OSHA has a variety of services and programs to help electrical contractors define and identify risks and hazards and develop an effective safety program. Web-based electronic tools help contractors perform health and safety checks and develop programs that inculcate a culture of safety, reducing accidents and improving outcomes. The software helps contractors assess the impact of occupational injuries and illnesses, and the publications provide voluntary guidelines for managing safety and health programs. In addition, the OSHA Voluntary Consultation Program offers a comprehensive safety and health consultation that provides detailed information about a company's workplace safety program and the possible solutions available to eliminate or control any serious hazards.

Employers who meet specific program requirements may be exempt from general inspections scheduled by OSHA for one year. However, electrical incidents are rare, as trained and experienced electricians understand the dangers of working in this area and take the necessary precautions. Electricians often work at height on stairs and rungs, and this is the leading cause of injuries. While today, electricians exposed to asbestos that can be disturbed wear respirators, those who were exposed to asbestos in the past needed routine checkups to make sure their lungs were clean.

A look at federal electricians' safety reports tells the story, with report after report about the sudden deaths of electricians, often between the ages of 20 and 30, who were electrocuted while trying to repair cables, appliances, light fixtures, air conditioning units and underground power lines. However, the skilled electrician is well trained and mitigates electrical shocks as best as possible. Federal reports indicate that a young electrician's assistant, for example, died recently when he stepped on a skylight that broke and caused him to fall to the ground below. However, electricians have made progress in reducing some of the deadliest environmental hazards, such as exposure to asbestos, which causes cancer.

The main danger, besides falling off a ladder, is being electrocuted and dying, this is rare, but electricians are electrocuted when working with the power grid. There is no substitute for knowledge and experience when working with electricity, so understand that the electrician who works in your home has taken 4 years to qualify and then worked another 2 years to be recognized as a competent person and to be accredited. Nearly half of the approximately 175 deaths that occur each year in the electricity sector occur in construction, and electricians account for about 7 percent of the total deaths in the construction sector, according to the Bureau of Labor Statistics. If you're an electrician, consider partnering only with unions, companies, and contractors that make worker safety a priority.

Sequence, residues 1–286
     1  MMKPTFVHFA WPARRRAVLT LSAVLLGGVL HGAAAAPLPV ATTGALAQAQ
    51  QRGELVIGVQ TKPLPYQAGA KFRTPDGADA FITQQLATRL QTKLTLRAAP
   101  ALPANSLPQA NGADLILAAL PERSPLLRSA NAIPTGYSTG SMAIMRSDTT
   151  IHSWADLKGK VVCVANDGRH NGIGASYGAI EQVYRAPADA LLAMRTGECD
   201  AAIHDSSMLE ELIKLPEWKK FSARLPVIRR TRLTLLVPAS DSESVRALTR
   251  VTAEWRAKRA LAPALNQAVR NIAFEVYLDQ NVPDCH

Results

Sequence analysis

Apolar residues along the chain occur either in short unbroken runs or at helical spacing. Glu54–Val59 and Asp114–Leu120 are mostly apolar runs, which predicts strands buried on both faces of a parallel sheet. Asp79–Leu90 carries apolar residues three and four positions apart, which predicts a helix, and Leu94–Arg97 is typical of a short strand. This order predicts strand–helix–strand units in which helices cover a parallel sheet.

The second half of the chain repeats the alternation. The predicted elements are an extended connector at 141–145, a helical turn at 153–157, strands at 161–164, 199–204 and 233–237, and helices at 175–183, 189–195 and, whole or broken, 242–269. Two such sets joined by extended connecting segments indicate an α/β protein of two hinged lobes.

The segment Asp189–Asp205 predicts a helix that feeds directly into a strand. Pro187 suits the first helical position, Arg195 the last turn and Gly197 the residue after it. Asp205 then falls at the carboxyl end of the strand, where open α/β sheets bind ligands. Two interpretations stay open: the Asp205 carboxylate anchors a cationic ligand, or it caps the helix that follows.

Sevcik says he knows about at least one or two electricians a year who have surgery for carpal tunnel syndrome, a clamping of the median nerve in the wrist. There is also a cultural attitude among some electricians that they are expected to work on energized equipment because that is the nature of the job and the customer needs to maintain production and avoid downtime. All electricians, whether they work in industry, in commercial companies or in residential environments, are constantly exposed to the danger of electricity. Electricians are well trained and are not known for their arrogant approach to work, so even though electricians are exposed to the possibility of electric shock on a daily basis, they rarely receive an electrical shock that causes injury.

Meanwhile, electricians who live to count their close encounters with electricity generally promise to be more careful in the future. .

Geraldine Strode
Geraldine Strode

Award-winning zombie maven. Unapologetic food enthusiast. Total travel geek. Subtly charming beer lover. Typical web evangelist. Amateur coffee trailblazer.